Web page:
Any Shakespeare biography must border on fiction, argues Heather Neill. So dowe really need another one?
Who was Shakespeare? Who wrote Shakespeare's work? There are plenty of people who would argue that he was not the son of a Stratford glover, that the author of the plays and sonnets must have been educated as a lawyer or lived in Italy or was someone else entirely - Francis Bacon, perhaps, or Christopher Marlowe (what if Marlowe's death in a Deptford brawl in 1593 was faked?). Even Elizabeth I has been put forward as the real Bard by the more lunatic excavators among the sparse facts.
In the end, of course, what matters is the body of work, which is real enough. But it is so tempting and such fun to try to put together the odds and ends of available material - the guessed-at autobiographical hints in the plays and sonnets and the few written records from Stratford and theatrical London - to fashion a person we feel we ought to know.
You can't blame Anthony Holden for making another attempt. There have been scholarly biographies (most recently Park Honan's Shakespeare: A Life published by Oxford University Press in 1998), and there is an ever-growing mountain of commentary on the work. Anthony Burgess wrote a sparkling biography intended for a popular market, and it is this, published in 1970, which Holden sees as the antecedent to his own book. So the question is: do we get anything new from reading Holden?
The early part of the book, where there are Stratford records to draw on and where Holden admits that paucity of evidence leads to speculation, is readable and informative. A reasonable case is made for John Shakespeare, the writer's father, having been a recusant, continuing to adhere to Catholic rites when this had become illegal under Elizabeth.
But any biographer of Shakespeare teeters on the brink of fiction and, by the time we get to "the lost years", when Shakespeare is assumed to have been working as a tutor and part-time actor in noble houses in the north of England, Holden gets carried away with the desire to believe he has proved something that he hasn't.
Of course, the reader would like to believe it too, so it is possible to suspend critical faculties and enjoy the possibility. But what you have in the end is no more than wishful thinking set in some enjoyable social history. The idea isn't a new one anyway; Ernst Honigmann (properly acknowledged here) suggested it in his own book on the subject.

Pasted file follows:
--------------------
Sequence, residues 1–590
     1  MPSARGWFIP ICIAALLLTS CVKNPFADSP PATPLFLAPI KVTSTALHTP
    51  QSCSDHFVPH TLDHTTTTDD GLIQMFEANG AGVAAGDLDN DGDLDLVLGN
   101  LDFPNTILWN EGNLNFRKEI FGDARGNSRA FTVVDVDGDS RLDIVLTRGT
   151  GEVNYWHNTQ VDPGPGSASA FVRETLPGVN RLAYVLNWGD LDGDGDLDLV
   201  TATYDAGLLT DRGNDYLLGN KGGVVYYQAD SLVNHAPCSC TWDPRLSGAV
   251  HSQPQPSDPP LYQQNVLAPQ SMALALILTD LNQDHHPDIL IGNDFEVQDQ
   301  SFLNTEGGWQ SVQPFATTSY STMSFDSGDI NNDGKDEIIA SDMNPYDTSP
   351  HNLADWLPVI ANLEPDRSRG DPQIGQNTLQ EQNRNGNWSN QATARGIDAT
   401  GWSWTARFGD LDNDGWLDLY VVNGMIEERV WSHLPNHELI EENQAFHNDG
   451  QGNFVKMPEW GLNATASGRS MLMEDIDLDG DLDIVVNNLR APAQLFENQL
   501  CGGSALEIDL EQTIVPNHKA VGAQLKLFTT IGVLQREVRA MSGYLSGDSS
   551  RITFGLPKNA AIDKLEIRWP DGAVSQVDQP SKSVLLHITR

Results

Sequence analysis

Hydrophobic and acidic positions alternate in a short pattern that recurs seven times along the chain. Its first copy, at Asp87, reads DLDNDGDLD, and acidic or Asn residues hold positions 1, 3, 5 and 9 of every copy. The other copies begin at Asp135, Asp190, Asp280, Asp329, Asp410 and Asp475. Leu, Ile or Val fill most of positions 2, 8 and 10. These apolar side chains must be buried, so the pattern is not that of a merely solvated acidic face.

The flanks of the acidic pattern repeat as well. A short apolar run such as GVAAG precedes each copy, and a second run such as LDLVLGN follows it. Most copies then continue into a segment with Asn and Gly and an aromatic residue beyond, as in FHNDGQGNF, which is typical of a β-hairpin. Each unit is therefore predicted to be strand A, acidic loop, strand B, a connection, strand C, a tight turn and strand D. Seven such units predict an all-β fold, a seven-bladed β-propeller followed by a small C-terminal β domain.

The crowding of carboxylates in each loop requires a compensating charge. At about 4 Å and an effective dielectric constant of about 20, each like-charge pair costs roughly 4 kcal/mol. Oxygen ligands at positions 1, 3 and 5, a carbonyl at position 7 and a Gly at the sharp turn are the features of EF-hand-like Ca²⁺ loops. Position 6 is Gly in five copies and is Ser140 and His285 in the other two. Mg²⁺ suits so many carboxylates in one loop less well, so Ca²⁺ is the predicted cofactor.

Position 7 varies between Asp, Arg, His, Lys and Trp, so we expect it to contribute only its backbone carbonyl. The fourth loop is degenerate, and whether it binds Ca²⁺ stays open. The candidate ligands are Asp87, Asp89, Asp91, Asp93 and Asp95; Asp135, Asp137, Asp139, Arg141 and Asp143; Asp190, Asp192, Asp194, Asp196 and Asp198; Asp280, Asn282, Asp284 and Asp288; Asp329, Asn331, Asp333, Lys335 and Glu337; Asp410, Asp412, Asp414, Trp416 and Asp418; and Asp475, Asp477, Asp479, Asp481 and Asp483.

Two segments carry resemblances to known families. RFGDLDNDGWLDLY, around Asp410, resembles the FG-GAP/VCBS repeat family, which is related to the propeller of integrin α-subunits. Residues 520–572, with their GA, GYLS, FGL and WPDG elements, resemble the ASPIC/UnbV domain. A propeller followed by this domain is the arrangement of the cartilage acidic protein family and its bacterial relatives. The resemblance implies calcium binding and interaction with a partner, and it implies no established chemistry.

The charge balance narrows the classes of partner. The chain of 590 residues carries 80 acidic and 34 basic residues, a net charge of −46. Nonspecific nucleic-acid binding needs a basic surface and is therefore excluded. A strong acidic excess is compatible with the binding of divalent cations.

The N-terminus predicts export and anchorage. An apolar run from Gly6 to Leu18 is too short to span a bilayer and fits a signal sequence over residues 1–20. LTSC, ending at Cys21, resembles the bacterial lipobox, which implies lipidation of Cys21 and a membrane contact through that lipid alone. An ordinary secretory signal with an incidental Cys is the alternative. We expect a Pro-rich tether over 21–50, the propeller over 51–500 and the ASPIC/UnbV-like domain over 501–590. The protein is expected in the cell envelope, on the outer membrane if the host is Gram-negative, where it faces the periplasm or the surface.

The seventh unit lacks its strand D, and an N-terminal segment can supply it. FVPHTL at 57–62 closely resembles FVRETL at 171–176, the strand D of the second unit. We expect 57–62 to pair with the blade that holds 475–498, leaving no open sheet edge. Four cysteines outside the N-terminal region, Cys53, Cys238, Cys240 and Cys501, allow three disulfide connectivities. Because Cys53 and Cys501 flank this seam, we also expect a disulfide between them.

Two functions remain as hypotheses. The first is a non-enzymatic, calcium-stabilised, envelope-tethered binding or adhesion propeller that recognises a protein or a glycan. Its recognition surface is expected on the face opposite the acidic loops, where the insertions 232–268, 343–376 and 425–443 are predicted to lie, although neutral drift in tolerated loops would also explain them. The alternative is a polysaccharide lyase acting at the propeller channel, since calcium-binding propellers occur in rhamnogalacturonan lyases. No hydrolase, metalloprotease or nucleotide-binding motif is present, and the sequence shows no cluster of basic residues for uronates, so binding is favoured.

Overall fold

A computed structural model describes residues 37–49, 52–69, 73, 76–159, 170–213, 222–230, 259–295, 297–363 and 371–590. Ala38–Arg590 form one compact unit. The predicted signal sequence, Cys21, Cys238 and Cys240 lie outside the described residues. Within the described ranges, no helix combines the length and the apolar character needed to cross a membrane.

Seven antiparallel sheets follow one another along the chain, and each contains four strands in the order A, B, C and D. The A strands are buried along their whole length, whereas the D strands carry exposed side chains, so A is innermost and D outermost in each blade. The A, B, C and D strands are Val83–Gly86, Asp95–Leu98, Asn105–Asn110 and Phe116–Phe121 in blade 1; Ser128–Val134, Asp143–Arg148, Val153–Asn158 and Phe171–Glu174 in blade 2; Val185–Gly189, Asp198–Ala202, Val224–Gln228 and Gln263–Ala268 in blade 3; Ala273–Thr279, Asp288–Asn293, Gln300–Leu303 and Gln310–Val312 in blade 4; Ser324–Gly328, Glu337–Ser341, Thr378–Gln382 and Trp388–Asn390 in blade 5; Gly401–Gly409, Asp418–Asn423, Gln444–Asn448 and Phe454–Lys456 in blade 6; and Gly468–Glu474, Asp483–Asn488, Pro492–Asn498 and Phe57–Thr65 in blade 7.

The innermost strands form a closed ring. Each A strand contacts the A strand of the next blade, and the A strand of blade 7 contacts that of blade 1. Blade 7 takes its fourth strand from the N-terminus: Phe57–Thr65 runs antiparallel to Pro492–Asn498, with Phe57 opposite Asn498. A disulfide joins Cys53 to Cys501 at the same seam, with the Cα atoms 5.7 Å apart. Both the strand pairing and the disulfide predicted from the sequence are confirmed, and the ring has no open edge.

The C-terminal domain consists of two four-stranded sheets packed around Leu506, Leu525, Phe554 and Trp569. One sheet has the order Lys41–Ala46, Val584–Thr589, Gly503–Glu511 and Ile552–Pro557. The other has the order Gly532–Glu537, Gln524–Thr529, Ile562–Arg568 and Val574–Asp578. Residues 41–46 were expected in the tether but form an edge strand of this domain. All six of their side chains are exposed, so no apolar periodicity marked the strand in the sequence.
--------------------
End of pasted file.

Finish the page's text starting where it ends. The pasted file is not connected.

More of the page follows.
There is definite evidence that Shakespeare married Anne Hathaway, who was eight years his senior, when he was 18 in 1582. But there is no record of Anne's appearance or character, yet Holden assumes she was "a homely wench". The assumptions gather momentum, and he later refers back to his own speculations as if they were proven fact.
The history of the theatre of the time has been more reliably documented elsewhere, and any student wanting an introduction to the plays would be better advised to read different editions. Yet it is seductive to guess at the connections between the writer's private and professional lives, to see melancholy resulting from the death of his father colouring Troilus and Cressida, or to guess that Shakespeare may have been suffering from insomnia over the fate of Papist families after the Gunpowder Plot when he wrote Macbeth.
Read Holden with a pinch of salt. Enjoy the research into other aspects of Elizabethan life, and then go back to the plays and poetry. Or to put it another way, as Holden does when dealing with speculation about the Dark Lady: "In the end, as so often, posterity is left groping around in the shadows of Shakespeare, who has left us another enigma as elusive as allusive, to the point where all attempts to solve it can only wind up demeaning the rare poetry from which it springs." Exactly.